Thai Protesters Launch ‘Final Fight’ as Government Clings on


Thai protesters vowed Friday to besiege television stations and police positions as they launched a launched a “final fight” to topple a government that is on the ropes after its leader was dismissed.

Several thousand protesters left their main encampment in a park in the city’s commercial district as their firebrand leader Suthep Thaugsuban issued a rallying cry for them to establish a parallel government.

“We will regain our sovereign power and set up a people’s government and a people’s legislative council,” Suthep said before leading a march to Government House, which has been targeted by protesters for months.

“We will march on all television stations… we ask city residents to surround police cars and police headquarters to stop them from hurting our people,” he added.

Suthep is known for his hyperbolic statements and, with the government weakened but still standing, the call for a unilateral administration appears to lack any legal ground.

Although buffeted by the removal of Prime Minister Yingluck Shinawatra on Wednesday by the Constitutional Court on abuse of power charges, the current Puea Thai administration has staggered on.

It has appointed Niwattumrong Boonsongpaisan as its new premier and won a reprieve on Thursday as the kingdom’s anti-graft panel stepped back from hauling more cabinet members into a separate indictment against Yingluck over a costly rice subsidy scheme.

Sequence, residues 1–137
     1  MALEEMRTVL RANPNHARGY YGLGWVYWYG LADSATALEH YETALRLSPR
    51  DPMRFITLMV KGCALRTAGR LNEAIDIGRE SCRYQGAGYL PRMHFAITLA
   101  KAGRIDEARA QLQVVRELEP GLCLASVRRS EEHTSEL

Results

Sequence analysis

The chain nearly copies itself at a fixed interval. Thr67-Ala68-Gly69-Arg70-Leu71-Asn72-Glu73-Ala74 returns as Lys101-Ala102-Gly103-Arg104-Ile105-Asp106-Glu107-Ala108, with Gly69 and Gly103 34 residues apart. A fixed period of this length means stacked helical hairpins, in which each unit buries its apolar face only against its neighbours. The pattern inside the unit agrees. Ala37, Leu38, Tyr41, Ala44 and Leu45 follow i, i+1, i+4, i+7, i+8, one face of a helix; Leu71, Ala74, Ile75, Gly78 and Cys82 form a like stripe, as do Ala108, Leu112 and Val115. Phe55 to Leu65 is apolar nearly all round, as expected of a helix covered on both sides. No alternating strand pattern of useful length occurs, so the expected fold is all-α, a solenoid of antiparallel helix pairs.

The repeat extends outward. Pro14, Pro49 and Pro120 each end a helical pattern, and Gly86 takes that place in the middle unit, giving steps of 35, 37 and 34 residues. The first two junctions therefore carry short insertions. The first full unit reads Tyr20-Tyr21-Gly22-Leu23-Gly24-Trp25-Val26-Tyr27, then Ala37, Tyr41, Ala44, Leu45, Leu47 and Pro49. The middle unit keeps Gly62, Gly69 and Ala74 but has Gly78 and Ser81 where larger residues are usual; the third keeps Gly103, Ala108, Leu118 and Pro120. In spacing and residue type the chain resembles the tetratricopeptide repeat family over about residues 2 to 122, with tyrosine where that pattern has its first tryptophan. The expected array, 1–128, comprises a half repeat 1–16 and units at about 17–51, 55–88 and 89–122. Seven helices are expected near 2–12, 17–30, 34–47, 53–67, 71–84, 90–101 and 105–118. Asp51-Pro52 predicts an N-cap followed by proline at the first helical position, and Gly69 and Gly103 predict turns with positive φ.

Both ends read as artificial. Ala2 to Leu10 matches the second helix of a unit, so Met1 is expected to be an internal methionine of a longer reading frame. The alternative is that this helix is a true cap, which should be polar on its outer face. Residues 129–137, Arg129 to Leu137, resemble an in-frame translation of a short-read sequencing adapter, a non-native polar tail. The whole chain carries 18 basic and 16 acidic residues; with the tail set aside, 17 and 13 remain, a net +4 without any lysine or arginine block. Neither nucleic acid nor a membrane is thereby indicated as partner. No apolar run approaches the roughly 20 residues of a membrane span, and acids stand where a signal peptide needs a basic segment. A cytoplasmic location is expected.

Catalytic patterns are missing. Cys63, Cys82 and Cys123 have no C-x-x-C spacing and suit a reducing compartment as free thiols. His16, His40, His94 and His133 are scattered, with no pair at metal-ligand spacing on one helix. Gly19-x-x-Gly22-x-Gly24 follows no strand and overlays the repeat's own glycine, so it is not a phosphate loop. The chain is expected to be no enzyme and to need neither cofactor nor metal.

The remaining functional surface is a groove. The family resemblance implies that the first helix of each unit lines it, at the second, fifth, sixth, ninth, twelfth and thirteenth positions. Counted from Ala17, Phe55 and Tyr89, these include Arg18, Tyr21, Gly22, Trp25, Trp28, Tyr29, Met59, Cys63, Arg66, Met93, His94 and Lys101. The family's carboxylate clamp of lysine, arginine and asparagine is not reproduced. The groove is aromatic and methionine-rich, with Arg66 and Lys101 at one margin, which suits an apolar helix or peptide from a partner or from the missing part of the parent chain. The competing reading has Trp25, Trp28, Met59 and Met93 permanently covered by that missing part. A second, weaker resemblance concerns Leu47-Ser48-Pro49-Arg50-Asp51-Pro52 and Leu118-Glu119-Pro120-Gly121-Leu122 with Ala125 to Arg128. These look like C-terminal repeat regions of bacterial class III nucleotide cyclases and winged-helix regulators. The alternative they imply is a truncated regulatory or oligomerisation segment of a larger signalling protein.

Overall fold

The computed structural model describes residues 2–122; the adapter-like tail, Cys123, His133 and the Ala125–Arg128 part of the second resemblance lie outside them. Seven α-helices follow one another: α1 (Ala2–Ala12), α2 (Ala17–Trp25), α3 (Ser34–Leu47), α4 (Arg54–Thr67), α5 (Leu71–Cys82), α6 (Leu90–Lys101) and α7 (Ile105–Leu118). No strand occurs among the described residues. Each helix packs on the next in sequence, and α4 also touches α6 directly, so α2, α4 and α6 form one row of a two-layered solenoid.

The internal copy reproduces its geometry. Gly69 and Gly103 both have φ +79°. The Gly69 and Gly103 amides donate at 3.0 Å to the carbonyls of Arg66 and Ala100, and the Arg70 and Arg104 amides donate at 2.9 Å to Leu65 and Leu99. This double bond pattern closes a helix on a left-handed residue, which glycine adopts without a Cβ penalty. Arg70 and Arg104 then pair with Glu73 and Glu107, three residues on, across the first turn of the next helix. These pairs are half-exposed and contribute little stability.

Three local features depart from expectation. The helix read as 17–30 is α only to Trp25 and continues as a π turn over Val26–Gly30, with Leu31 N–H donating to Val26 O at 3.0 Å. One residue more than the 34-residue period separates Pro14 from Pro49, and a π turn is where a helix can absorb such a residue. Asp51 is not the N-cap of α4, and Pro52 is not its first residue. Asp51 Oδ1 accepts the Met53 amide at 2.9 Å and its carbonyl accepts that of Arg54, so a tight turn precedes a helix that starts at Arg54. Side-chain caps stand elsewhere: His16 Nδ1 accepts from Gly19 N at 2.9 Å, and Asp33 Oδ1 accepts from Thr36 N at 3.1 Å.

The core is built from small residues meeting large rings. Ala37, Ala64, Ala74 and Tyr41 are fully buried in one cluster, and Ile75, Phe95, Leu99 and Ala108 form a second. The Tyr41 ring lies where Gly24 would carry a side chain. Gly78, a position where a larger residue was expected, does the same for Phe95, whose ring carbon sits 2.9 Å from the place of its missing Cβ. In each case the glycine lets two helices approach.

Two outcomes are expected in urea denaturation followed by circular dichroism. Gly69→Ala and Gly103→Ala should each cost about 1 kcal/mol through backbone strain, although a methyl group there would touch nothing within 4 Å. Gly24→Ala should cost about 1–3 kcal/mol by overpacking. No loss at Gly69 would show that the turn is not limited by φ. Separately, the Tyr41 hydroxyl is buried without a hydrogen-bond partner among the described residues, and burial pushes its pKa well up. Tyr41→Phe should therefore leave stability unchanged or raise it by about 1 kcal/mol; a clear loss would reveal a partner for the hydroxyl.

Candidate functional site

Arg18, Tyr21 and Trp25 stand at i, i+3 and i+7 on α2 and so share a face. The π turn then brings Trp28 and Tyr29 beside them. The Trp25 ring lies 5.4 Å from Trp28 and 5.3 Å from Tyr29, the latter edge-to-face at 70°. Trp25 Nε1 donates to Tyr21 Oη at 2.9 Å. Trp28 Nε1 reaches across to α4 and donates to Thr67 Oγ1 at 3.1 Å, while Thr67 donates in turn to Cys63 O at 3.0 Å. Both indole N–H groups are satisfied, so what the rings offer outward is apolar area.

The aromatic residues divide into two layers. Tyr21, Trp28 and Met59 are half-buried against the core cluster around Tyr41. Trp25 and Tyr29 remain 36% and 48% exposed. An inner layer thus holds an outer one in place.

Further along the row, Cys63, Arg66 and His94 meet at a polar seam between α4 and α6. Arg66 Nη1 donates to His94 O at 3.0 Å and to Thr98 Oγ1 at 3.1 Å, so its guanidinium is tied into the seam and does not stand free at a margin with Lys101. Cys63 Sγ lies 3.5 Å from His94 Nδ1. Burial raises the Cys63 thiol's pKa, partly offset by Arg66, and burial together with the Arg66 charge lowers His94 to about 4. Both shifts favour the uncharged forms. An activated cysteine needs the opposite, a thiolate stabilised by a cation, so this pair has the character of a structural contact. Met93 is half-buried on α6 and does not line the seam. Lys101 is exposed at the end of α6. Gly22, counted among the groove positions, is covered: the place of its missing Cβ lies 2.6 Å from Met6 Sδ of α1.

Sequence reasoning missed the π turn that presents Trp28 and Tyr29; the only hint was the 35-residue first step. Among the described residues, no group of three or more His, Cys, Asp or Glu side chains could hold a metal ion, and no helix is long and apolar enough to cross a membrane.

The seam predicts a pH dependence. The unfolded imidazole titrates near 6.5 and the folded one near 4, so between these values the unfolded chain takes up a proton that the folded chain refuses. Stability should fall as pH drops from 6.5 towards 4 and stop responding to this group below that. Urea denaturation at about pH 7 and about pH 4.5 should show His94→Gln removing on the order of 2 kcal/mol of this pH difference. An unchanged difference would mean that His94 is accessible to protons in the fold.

There were fears the agency could have moved against the remainder of the government to complete a “judicial coup” and create a power vacuum that could have been filled by an appointed leader.

Hundreds of police were deployed to manage Friday’s protests, as fears simmered of street clashes between rival groups. Police said some 4,500 anti-government protesters were marching from their encampment at Bangkok’s Lumpini Park.

Thailand’s pro-government “Red Shirts” are set to rally Saturday in a Bangkok suburb, raising the risky prospect of the two protest groups being on the city’s streets at the same time.

At least 25 people have died and hundreds more have been wounded in gun and grenade attacks linked to six months of anti-government protests.

Both sides have armed hardcore supporters and Thailand’s recent history has been scarred by bouts of political violence.

Scores of people died in a military crackdown on “Red Shirts” occupying Bangkok’s commercial centre in 2010.

Thailand has been bitterly divided since 2006 when Yingluck’s billionaire brother Thaksin was ousted in a a military coup.

Three Thaksin-aligned premiers have since been removed by the nations’ courts, sparking accusations that the judiciary is in cahoots with the anti-government protesters, who are drawn from the Bangkok establishment and royalist south.

They hate the Shinawatras who they accuse of fostering massive corruption and draining the kingdom’s coffers to sweeten Thaksin’s rural electoral base in the poor but populous north and northeast.

The opposition also accuse Thaksin of undermining the nation’s beloved but ailing king.

Thaksin lives overseas to avoid jail for corruption convictions he contends were politically motivated, but still draws loyalty from his rural heartlands who have voted his parties into power in every election since 2001.


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